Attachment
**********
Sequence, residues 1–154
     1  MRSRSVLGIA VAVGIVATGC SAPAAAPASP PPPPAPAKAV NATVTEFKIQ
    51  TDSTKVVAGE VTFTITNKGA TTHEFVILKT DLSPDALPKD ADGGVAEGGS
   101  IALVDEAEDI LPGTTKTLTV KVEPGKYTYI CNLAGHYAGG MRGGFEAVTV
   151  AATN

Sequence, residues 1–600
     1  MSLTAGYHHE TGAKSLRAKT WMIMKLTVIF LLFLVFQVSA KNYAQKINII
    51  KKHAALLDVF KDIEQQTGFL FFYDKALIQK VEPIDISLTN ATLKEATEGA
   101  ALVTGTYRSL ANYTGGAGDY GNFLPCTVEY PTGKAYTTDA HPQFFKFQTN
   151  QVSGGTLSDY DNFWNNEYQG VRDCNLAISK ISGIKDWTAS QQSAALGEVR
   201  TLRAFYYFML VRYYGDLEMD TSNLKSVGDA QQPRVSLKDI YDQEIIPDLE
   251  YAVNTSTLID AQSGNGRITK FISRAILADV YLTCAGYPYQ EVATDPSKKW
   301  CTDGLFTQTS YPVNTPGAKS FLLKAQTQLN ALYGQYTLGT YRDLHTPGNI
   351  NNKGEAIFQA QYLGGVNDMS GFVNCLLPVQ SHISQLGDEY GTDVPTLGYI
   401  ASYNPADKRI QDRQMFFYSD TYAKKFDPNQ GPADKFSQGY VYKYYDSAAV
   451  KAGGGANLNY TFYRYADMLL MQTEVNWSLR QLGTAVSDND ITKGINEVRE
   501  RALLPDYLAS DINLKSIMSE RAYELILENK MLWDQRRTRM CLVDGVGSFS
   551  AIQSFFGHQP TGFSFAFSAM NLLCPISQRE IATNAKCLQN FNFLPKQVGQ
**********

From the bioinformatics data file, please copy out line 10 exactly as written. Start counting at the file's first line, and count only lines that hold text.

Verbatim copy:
   151  QVSGGTLSDY DNFWNNEYQG VRDCNLAISK ISGIKDWTAS QQSAALGEVR